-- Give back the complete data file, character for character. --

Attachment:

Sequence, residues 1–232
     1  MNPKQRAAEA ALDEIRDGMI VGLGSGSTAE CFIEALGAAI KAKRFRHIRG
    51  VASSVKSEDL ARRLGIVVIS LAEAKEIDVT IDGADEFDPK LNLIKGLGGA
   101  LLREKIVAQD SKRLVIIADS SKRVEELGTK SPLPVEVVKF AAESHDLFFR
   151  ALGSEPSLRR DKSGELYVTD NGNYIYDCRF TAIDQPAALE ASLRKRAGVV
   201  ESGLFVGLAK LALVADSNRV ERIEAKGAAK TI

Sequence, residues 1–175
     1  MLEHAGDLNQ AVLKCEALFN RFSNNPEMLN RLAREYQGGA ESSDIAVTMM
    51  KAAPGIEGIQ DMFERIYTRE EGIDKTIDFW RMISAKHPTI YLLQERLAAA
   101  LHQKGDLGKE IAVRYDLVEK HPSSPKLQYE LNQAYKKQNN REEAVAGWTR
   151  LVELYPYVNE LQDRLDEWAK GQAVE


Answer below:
Sequence, residues 1–232
     1  MNPKQRAAEA ALDEIRDGMI VGLGSGSTAE CFIEALGAAI KAKRFRHIRG
    51  VASSVKSEDL ARRLGIVVIS LAEAKEIDVT IDGADEFDPK LNLIKGLGGA
   101  LLREKIVAQD SKRLVIIADS SKRVEELGTK SPLPVEVVKF AAESHDLFFR
   151  ALGSEPSLRR DKSGELYVTD NGNYIYDCRF TAIDQPAALE ASLRKRAGVV
   201  ESGLFVGLAK LALVADSNRV ERIEAKGAAK TI

Sequence, residues 1–175
     1  MLEHAGDLNQ AVLKCEALFN RFSNNPEMLN RLAREYQGGA ESSDIAVTMM
    51  KAAPGIEGIQ DMFERIYTRE EGIDKTIDFW RMISAKHPTI YLLQERLAAA
   101  LHQKGDLGKE IAVRYDLVEK HPSSPKLQYE LNQAYKKQNN REEAVAGWTR
   151  LVELYPYVNE LQDRLDEWAK GQAVE